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chandrew last won the day on April 13 2010

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    Elise SC

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  1. Brown is quite popular here in Switzerland at the moment. My guess is that about 1/10th of all Porsche 911s (991) are in that colour. Less so on Boxsters and Caymans but certainly on the non-sports cars. Quite a few of the dealers have ordered their cars up in brown. The colour that seems 'up-and-coming' at least from my recent trip to the Geneva motor show is red, especially something between red and burgundy. Mazda had all their cars on the stand in that colour. When I'm back in the UK I always notice how many different colour cars are on the road. Here it's grey / black / white and thoroughly depressing. I have a soft spot for green.
  2. Switzerland figures for 2013 Elise 18 Evora 24 Exige 37. For an overview of the market I produced these visualisations last year: Market overall 2006-2012 By brand (preselected to Peugeot)
  3. Phil, pretty much all the cars you mention are old only in name. I would imagine a new Range Rover, Boxster, 911 shares about 10% or less from the same named model even 5 years ago. You can't say that with an Elise. For a car company a large (majority?) or new car buyers will be upgrading from an earlier model of the same brand / car. There is nothing in the S that would convince me to upgrade from the SC I ordered in 2009. Sure the engine is different (though is it better - it certainly doesn't rev to 8000 like mine does) and I'd get a different light cluster but fundamentally it's the same car. If I had bought a Boxster or 911 then Porsche would now be able to offer cars which are fundamentally differently. It would have been the same with an Exige. If you look at sales figures for cars, especially sports cars, they sell well for the first 24-36 months then sales trail off significantly. Porsche are really smart - they do body improvements at the beginning of a model range then make significant mechanical changes mid cycle effectively giving 2 different sales cycles in one. Special editions rarely make much impact on sales figures. Lotus need a new Elise. When Lotus launched the Elise it was completely different to the competition. Nowadays the rest have, to some degree, caught up. A Boxster isn't that much less involving than an Elise, however you could jump in and drive 200 motorway miles in one and get out feeling fresh. Do that in an Elise and you'll feel beaten up. The world has moved on.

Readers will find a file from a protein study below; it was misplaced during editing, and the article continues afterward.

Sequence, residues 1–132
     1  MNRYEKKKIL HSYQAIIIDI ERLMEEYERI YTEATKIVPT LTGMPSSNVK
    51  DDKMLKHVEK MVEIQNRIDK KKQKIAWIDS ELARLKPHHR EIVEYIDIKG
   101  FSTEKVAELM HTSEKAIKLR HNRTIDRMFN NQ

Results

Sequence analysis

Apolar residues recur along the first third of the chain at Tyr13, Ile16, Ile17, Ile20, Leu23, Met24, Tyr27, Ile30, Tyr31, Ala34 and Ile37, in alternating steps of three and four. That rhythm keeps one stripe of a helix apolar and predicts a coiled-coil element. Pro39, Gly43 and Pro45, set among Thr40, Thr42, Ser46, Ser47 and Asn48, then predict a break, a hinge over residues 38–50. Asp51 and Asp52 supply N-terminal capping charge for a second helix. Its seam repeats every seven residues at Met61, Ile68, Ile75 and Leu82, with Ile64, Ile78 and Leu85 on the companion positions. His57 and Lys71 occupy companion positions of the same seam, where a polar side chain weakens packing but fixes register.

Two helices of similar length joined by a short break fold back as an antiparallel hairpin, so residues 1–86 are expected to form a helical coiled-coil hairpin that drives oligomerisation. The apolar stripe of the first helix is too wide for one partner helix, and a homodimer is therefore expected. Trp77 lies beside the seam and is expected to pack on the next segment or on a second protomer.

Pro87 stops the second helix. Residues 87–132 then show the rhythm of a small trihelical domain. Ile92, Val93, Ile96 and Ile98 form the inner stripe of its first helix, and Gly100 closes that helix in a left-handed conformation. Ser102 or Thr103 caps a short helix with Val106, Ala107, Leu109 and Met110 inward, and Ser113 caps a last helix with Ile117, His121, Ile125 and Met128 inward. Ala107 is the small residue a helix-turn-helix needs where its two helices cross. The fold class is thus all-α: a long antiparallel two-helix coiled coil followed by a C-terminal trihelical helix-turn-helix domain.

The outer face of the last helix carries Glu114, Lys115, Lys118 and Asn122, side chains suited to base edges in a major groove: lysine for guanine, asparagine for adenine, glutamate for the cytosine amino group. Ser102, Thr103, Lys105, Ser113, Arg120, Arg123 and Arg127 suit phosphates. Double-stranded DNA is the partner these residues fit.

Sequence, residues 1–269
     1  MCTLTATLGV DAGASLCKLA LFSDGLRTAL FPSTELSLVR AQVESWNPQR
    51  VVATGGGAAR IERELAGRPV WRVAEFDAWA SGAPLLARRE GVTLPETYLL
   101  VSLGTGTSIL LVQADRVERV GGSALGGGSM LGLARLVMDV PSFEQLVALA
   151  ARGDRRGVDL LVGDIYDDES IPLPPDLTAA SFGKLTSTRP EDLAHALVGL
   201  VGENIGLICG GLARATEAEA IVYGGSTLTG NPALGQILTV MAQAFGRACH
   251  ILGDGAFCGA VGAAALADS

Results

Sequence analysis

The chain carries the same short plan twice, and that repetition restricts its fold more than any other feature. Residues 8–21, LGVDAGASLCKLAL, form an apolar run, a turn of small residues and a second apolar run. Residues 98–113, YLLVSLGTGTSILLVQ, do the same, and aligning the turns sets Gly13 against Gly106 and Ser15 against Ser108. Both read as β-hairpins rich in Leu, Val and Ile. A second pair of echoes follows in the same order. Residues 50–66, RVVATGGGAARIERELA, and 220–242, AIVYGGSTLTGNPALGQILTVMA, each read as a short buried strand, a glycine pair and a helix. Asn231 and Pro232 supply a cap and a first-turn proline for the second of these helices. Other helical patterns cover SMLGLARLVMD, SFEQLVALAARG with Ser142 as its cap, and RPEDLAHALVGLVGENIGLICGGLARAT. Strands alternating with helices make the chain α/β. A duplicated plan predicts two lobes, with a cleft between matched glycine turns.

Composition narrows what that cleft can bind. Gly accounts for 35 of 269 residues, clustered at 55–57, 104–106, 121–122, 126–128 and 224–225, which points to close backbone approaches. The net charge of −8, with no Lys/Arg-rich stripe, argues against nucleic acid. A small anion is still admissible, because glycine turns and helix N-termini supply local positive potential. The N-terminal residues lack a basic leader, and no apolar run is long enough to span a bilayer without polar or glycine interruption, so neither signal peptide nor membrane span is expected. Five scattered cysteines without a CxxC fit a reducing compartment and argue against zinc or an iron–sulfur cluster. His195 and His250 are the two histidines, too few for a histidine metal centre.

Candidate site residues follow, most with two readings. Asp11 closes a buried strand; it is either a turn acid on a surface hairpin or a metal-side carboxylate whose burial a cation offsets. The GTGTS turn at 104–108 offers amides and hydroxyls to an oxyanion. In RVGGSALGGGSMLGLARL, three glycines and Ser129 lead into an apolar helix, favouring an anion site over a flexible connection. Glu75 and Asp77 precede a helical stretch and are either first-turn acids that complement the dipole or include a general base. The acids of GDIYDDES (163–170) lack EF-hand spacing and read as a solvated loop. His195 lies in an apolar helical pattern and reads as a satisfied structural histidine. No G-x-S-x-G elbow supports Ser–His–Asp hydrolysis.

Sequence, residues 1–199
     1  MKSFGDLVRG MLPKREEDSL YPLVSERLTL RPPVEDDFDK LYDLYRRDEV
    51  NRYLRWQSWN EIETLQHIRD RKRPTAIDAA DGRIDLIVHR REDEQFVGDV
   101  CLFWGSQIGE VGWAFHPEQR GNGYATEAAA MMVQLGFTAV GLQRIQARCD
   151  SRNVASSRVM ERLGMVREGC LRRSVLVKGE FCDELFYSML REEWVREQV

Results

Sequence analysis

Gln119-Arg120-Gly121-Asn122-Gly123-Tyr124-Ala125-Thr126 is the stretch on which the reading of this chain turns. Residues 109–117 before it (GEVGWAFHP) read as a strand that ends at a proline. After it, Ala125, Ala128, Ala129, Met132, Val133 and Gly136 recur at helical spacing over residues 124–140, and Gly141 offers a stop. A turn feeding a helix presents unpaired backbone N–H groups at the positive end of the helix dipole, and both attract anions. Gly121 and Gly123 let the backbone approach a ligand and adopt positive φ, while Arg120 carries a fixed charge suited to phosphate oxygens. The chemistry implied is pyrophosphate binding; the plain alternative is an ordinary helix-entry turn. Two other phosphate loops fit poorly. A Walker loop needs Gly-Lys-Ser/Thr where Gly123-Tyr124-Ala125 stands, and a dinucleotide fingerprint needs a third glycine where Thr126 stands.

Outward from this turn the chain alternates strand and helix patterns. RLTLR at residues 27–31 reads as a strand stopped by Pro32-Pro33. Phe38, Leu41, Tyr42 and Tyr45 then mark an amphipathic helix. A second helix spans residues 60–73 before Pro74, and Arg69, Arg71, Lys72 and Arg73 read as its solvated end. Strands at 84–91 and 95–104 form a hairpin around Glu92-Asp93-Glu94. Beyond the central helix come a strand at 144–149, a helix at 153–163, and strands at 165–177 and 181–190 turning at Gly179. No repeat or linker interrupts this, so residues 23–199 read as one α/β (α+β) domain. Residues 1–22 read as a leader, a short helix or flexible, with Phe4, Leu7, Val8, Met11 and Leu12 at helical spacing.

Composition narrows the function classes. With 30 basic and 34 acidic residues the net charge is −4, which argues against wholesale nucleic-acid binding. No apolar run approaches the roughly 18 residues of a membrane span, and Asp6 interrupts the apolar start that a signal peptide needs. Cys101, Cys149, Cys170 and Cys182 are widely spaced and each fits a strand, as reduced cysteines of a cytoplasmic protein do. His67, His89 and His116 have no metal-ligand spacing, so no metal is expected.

4. Ah, my stomping ground and the very reason why I'm in an Elise. I can't think of a better car for those roads, regardless of price. OK, the Exige Roadster would be worth a go. The Grimsel has got some good bits. You're right on it being better for a faster car - there are some great more open bits but you always have to be careful of speed checks in these (as on all Swiss passes). The Grimsel Hospiz is one of the best places to stop for a cake stop on a drive, hence why you'll rarely be the only sportscar / supercar in the car park. Best pass IMHO is the Nufenen (though care is needed - a 997 driver went over the edge a year or so ago during an overtake). The Lukmania also is worth doing. Both are much less crowded. Photos of a drive last year on said roads All passes are best done at sunrise or early evening when the tourists have left.
  5. OK, so I'm paying at least 250% of those prices (+ all the other bits that go wrong). I'll see if I can find an Indy (know any in Switzerland / Germany south of Stuttgart?) It's also 3-4 hours round trip (for dropping off and picking up) to get it to the current dealer. Unfortunately it looks like it's going to be taken off the road until spring 2014 in the coming week(s) as my diary is looking full until the passes close again in the autumn. 2 drives between services was not what I was hoping for.
  6. I've been following the book with my Elise SC having full services every year even though I guess my average mileage is about 3000 miles per year. At main dealer it's not cheap - certainly my Porsche friends are paying less (because their service is only every other year). Given it's out of warranty what is a pragmatic approach? I don't mind paying the money if it's going to be cheaper / better for the car in the long run, but neither do I want to throw money down the drain. Are there some items that are definitely worth doing on an annual basis, others where a check is needed but others which are probably OK to do every other year? There is a decent chance I might keep the car indefinitely so I care about long-term approaches.